JEA offers a program to encourage customers to reduce their energy consumption during peak hours

JEA customers will be encouraged to reduce their energy consumption during peak periods, including limiting the use of multiple appliances, to save money on their bills and reduce demand on the power grid.

These customers would pay less during off-peak hours and more during peak demand periods to encourage more efficient usage. JEA staff will propose a pilot program to assess opportunities for the utility and its customers at a board meeting on Tuesday. The board would be required to convene a tariff hearing, likely on February 21, allowing JEA to move forward with the pilot this spring.

“A demand rate can provide residential customers with more control over their bill by managing what devices they use and when they use them, thereby reducing their use of the network itself,” CEO Paul McElroy wrote in a note. to the members of the board of directors. “This pricing structure also closely aligns with our cost of service.”

Chief financial officer Melissa Dykes said the scheme, JEA SmartSavings, would give people more control with some “small behavioral changes”.

Peak hours are noon to 7 p.m. during the warmer months, April through October, and 6 a.m. to 9 a.m. November through March. Weekends and holidays are excluded from peak hours.

Ryan Wannemacher, director of financial planning and analysis, said it’s hard to generalize about how much a customer could save because people’s energy use is so individualized and varies widely. He said the pilot would help determine possible savings for customers.

When asked, Dykes said a bill under the Peak Demand Program might be higher for a customer depending on usage, but the tariff is designed so that JEA’s total revenue remains neutral.

Through research, Wannemacher said, JEA was able to determine that bills are often lower during periods of heavy use in the summer and higher during months like spring when customers don’t run their air conditioners as often. . He said bills would be more stable.

Participants would see two rates on their monthly bills: $3.75 per kilowatt hour for off-peak usage and $4.90 per kilowatt hour during peak hours. The basic monthly charge, the environmental charge and the fuel charge would not change.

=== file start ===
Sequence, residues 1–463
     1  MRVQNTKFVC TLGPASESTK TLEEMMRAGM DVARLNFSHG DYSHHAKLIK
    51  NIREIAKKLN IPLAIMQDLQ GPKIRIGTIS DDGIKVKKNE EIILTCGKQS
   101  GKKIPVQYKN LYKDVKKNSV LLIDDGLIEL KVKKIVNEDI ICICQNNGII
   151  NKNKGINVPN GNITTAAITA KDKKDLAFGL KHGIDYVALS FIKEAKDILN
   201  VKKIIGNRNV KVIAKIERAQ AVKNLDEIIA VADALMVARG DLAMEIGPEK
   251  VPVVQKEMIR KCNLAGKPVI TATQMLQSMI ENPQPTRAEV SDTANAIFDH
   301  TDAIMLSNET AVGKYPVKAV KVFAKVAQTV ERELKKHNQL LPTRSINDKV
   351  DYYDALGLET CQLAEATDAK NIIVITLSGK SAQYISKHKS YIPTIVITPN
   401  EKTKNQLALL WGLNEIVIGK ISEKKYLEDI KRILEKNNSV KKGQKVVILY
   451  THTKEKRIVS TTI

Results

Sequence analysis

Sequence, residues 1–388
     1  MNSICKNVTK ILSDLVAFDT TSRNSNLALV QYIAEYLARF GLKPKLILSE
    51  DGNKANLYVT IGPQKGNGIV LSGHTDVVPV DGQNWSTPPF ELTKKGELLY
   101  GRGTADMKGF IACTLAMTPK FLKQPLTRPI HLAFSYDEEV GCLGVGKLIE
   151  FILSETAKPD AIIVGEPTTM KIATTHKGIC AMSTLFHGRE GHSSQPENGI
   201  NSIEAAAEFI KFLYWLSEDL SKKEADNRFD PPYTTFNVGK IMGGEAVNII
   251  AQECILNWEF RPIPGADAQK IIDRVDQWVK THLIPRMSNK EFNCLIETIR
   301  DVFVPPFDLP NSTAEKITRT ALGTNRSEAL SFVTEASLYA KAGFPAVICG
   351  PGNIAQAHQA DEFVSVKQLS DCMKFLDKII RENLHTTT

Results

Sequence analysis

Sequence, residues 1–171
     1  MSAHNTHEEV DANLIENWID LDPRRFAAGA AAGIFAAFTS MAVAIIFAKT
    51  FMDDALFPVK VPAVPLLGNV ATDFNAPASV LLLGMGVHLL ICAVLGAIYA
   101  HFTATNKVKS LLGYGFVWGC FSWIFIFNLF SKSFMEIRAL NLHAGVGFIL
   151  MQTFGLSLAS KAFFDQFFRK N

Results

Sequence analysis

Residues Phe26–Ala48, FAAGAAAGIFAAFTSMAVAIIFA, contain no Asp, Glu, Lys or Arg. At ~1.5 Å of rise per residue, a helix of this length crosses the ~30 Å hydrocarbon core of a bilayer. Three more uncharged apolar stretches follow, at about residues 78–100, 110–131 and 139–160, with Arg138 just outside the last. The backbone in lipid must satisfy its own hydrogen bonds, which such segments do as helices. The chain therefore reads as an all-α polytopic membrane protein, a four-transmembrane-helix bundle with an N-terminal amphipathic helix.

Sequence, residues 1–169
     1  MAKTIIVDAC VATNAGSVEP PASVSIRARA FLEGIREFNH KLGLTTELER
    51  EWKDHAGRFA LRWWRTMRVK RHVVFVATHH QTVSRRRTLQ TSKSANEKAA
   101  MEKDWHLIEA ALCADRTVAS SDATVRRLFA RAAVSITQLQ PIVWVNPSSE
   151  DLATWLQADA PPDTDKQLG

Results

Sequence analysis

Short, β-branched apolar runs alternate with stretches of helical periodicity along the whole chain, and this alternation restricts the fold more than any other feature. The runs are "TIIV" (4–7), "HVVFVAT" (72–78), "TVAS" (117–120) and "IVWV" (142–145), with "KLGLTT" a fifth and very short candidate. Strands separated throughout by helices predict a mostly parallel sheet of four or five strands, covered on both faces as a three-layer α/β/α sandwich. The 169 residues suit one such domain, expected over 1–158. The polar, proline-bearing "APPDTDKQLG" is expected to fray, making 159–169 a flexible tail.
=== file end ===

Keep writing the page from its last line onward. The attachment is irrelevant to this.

The first phase of the pilot project would be limited to 150 customers and would focus on customer experience, concept communication and “customer acceptance,” the CEO wrote to his board. JEA employees who volunteer and other interested residential electric customers would participate in the initial phase.

The second phase would target 2,000 customers with a focus on collecting “statistically meaningful” data on customer behavior and “load changes that can ultimately be used for rate setting for full rollout to all customers. wrote McElroy. This phase would include customers “chosen to represent the population of all residential electric customers,” according to a presentation included in Tuesday’s board meeting agenda.

If approved by the board, JEA would launch the first pilot this spring and continue through the end of the calendar year with the second pilot in 2018. If the pilot is successful, JEA would roll out SmartSavings in 2019 and 2020. Wannemacher said implementation would require system upgrades and changes.

Dykes said it’s not certain at this time that the full rollout will affect all customers or those who commit to it. She said a lot would be determined by the pilot.

JEA staff have been working on a residential demand rate for the past 18 months.

“By managing how and when you use energy, and avoiding peak times, you can reduce your energy demand – which means a lower electricity bill,” according to an Agenda presentation. of the board meeting.

The current rate structure for residential customers has been in use for 100 years.

“Although a demand rate has been used for commercial and industrial customers for decades, it is a new application for residential customers and requires testing,” McElroy wrote.

Dykes said JEA has used a similar structure for years with commercial clients. She said a few utilities have tried the demand structure with residential customers with success largely dependent on communicating with customers. During the pilots, Dykes said, JEA will communicate with customers about the program and ways to better use it while asking for feedback on how people understand the program.

Dykes said reducing extremes in power consumption could reduce or delay the need to build more electrical facilities and generate more electricity, which would save money for the city-owned utility. By law, JEA and other utilities are required to have sufficient power to meet peak demand at all times.

There are peaks and troughs in power consumption and this system seeks to even out those peaks and troughs.

Sebastian Kitchen: (904) 359-4161

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